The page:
Sunday, December 16, 2012

Paying Down Your Technical Debt

Technical debt is bothering me lately.  Spurred on by this article, I was doing a lot of thinking about how to pay back some of my technical debt.

A little scenario background, as I observe it in Corporate IT shops.  In the type of shop I'm thinking of, IT builds applications for the business, and doesn't always get to set the deadlines, creating a scenario in which potentially weak-willed IT managers cut corners to meet increasing business manager pressure to "get things done."  What that results in is a lot of manual maintenance; for example, data updates to production systems by IT where a user interface would put both the responsibility and the ability in the hands of the users.

And this goes on for years, until someone looks out over the IT group and proclaims that the IT group is too big for the organization, or that it’s not producing enough value for the business units.  And both may actually be true.  Because over the years, IT keeps building applications, and each of those applications has a little bit of this manual maintenance associated.  Eventually the maintenance cost - which is the interest payment on the technical debt – becomes all the IT department can do, since the business wants to remain flat in staffing.

When they get to this point, many businesses look for the big kill.  “Outsource the lot of it,” they might say.  “Let’s spin up a program to rewrite everything that's currently wrong and costing us maintenance work,” is another approach.  They spin up a big expensive effort to fix the mess they find themselves in.  It’s a form of declaring technical bankruptcy, or at best an attempt to pay off the largest pieces of technical debt first (in the guise of “bang for the buck”).

I've think that both these approaches are bad.  They are often big and risky.  The big efforts often fail, collapsing under their own weight, or they might involve a huge, expensive bandwidth increase in the form of consultants who don’t know the company history, why the bad decisions were made, and what dark puddles of sticky ichor lie in wait in the legacy codebase(s).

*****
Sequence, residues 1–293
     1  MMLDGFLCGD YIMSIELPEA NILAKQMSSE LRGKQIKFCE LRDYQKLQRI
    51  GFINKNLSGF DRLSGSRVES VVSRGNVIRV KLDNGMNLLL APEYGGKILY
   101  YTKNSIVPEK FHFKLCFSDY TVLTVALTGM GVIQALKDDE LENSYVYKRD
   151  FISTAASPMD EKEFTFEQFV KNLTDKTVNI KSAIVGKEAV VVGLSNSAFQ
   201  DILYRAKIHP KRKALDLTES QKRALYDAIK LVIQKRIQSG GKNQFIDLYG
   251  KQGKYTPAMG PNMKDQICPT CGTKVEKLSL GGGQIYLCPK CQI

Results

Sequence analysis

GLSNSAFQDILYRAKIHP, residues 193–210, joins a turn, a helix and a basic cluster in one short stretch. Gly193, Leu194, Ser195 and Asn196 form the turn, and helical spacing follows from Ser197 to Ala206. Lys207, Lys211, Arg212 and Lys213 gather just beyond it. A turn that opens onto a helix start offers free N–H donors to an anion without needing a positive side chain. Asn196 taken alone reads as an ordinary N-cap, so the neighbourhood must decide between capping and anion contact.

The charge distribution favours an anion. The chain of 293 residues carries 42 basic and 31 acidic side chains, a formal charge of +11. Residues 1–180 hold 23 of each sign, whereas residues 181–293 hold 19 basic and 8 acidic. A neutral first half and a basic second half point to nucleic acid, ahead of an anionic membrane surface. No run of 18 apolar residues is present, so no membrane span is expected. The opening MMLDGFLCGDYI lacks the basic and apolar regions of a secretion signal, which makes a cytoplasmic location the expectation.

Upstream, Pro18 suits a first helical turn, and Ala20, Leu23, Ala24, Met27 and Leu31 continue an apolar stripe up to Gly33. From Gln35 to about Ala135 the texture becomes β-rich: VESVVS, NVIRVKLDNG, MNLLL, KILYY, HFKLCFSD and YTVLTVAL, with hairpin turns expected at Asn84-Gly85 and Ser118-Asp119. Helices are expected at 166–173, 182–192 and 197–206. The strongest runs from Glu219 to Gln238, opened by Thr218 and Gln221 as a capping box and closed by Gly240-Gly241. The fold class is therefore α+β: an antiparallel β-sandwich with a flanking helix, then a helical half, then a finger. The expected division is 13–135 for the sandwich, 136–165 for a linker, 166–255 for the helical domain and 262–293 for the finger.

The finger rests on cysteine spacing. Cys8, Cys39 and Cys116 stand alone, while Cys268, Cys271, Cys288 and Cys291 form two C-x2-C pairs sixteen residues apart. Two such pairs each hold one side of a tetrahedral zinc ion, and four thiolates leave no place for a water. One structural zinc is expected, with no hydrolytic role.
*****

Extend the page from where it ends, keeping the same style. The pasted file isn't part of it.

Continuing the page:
A while back I paid off a lot of my personal financial debt using the snowball method of debt reduction.  That method suggests you pay off your smallest debts first while paying only the interest on the other debts.  If you have a couple credit cards, a couple student loans, a couple car payments, and a mortgage, don’t start by paying off your mortgage first.  Pay that $500 credit card bill off first.  That will give you some momentum and cut out some of the debt as well. 

In the case of IT projects then, this method would suggest that you stop development to the extent you can on all but the smallest creator of maintenance noise.  Do something (give the user the power to fix the errors, automate something manual, perform automated cross-checks) that eliminates that noise.  Then look for the next smallest piece of maintenance noise that can be silenced, and roll the resources from not doing the manual maintenance into fixing the next noisy thing. 

Soon, your whole team will be working on paying down some seriously large debt.  Especially since you’ll be able to see more clearly through the noise (if you have ten noisy applications, it’s hard to work on one, but if you have three noisy applications, it’s much easier to concentrate without loss due to context-switching).

Another mechanism for paying back real financial bills is to pay off the highest interest obligations first.  That is sound advice, and in the IT world, that means work first on the highest maintenance/smallest effort work to get better bang for your buck.  That’s a fine approach as well.  Often, however, you can’t always get permission to work on this type of effort.  Or naysayers say, “Well, we should just add in a little more effort, and then we’ll quiet down things more.” And the scope creeps and creeps and then the project gets too big to get done (remember, we need to work on little things first because we only have staff to pay down very minor debts).

In general, though, just don’t go for the biggest project because it will allow you to quiet the most things down (don’t pay the mortgage first).  Do whatever it takes to get momentum.  Refuse to participate in manual processes.  Be adamant about the need for change. 

Be adamant.  Be the change.

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